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Velvet Rose Scarf

Rose scarf complete
 
I made this scarf from velvet and velveteen scraps. However, you can make it from jersey knit (and/or old t-shirts), wool (and felted wool sweaters), or whatever fabrics you have on hand. Vary the colors to suit your own tastes.
 
Materials (all are washable):
 
Black velveteen or velvet (two pieces 8" by 72")
 
Red velvet (I used the sleeves from a garage sale shirt that I bought for $1; you can also buy 1/8 yard)
 
Green velvet (I used less than 1/8 yard)
 
Black thread
Green thread to match velvet
Red thread
 
Leaf drawing
 

 
I found it easier to use a slightly longer stitch on the velvet than I do for thinner fabrics. I set my machine to a 2.8 stitch length.
 
 
To make the scarf:
 
Cut two pieces of black velveteen, 8 " by 72". Place right sides together and pin. Starting at the end of one long side, sew the two long sides and one short side together, using a 1/4" seam, leaving the other short side open for turning. Turn right side out, making certain to turn the corner points out (a dull pencil works well for this).
 
Turn under seam allowance on the open side and pin scarf closed.
 
Thread a hand-sewing needle with black thread. Use a running stitch to sew scarf closed (as close as possible to the edge).
 
Rose insertion 200 brown
 
To make the leaves: 
 
Use template to cut out 24 leaves. I found it easier to cut a few leaves with the template, and then to use a leaf as the template for the other leaves. I cut all of the leaves in the same direction so that the nap on the velvet went the same way.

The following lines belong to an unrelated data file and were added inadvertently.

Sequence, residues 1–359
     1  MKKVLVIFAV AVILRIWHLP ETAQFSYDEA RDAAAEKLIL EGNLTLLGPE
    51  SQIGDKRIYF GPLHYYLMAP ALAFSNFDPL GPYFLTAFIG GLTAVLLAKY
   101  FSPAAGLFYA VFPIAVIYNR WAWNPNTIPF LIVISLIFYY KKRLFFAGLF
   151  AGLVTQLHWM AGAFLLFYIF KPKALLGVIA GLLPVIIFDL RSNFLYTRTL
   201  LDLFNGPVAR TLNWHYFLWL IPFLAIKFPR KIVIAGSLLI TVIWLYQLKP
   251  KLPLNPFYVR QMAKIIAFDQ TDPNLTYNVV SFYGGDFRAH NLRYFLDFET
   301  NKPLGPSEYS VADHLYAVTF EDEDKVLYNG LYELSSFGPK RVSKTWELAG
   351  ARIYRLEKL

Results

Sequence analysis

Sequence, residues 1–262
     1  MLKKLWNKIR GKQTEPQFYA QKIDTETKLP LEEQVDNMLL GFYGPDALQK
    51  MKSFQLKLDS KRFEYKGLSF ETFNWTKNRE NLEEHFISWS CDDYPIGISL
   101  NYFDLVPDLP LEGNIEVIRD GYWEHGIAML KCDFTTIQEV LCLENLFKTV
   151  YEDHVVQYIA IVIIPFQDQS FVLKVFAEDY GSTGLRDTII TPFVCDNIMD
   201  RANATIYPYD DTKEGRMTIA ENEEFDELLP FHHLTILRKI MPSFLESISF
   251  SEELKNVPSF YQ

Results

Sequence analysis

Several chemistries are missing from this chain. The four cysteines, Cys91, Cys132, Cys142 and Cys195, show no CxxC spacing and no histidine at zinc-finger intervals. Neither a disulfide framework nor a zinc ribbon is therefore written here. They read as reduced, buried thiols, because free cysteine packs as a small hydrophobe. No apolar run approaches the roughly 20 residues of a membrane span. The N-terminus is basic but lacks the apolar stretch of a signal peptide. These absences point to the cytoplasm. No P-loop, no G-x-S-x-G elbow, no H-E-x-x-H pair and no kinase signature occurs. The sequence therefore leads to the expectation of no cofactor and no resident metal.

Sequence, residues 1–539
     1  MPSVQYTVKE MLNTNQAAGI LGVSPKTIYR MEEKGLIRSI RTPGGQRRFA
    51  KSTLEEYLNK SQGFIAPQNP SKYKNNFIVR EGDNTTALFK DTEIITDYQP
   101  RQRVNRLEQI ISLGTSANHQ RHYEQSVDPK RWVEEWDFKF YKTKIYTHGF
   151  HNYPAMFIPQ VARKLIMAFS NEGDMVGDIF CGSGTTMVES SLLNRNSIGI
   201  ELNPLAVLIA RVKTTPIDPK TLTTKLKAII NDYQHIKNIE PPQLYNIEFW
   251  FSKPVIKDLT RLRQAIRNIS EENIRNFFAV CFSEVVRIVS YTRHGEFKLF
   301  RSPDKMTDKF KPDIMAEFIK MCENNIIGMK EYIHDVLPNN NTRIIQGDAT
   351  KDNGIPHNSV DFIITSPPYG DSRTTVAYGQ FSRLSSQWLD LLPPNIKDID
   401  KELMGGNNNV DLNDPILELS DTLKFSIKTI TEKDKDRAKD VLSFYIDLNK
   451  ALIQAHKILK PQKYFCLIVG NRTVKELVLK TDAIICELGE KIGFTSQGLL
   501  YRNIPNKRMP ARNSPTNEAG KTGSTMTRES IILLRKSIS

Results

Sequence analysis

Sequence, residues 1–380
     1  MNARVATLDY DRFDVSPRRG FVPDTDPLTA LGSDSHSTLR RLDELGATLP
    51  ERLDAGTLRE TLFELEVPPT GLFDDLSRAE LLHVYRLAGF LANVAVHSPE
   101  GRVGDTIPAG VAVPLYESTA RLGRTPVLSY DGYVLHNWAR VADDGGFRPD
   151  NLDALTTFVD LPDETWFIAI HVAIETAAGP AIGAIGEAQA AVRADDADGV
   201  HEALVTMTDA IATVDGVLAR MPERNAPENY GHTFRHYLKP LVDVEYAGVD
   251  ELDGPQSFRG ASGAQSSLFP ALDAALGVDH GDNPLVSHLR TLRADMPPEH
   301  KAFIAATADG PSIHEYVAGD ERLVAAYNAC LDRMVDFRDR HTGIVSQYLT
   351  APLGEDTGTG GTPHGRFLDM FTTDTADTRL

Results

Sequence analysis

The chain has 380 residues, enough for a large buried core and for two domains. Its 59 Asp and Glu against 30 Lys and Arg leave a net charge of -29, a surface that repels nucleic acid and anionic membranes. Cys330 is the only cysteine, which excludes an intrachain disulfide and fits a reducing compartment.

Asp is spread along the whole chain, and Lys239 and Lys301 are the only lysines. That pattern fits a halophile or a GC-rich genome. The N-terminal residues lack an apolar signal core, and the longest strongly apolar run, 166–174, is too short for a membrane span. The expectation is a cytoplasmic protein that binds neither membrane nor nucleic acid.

If you've purchased an 1/8 yard of a 56" wide fabric to make the leaves, you will have extra enough to make many more leaves or to use for another project.
 
Rose leaves pinned
 
 
Place leaves right sides together and pin. Use a 1/4" seam and stitch leaves together, leaving enough on the large end of the leaf open for turning.
 
Turn leaves right side out, using a pencil or other tool to get the points of the leaves turned all the way. Turn under seam allowance on the open end. Pin leaves closed. Use matching thread to sew leaves closed by hand with a running stitch, as close as possible to the open end.
 
Thread machine with green thread on top and in the bobbin with green thread. I used a green that was as close as possible to the color of the fabric. You can use a different shade of green for contrast if you like.
 
Rose leaves sewing veins
 
Starting at the widest part of the leaves, sew a straight line to the tip of the leaves. When you reach the tip, leave the needle down in the fabric, lift up the presser foot, and turn leaf around. Stitch back along the same line that you first stitched, about 1/2".
 
From here you will make the veins in the leaves. Turn the leaf at an angle and stitch backwards to form a vein on one side. Then stitch forwards to restitch over the same line.
 
With the needle down, turn the leaf straight again and stitch forwards over the first main vein for 2-3 stitches.
 
With the needle down, turn the leaf at an angle to stitch the vein on the opposite side of the first, using the same method as you did for the opposite side.
 
Repeat this process several times to make the rest of the veins on each leaf.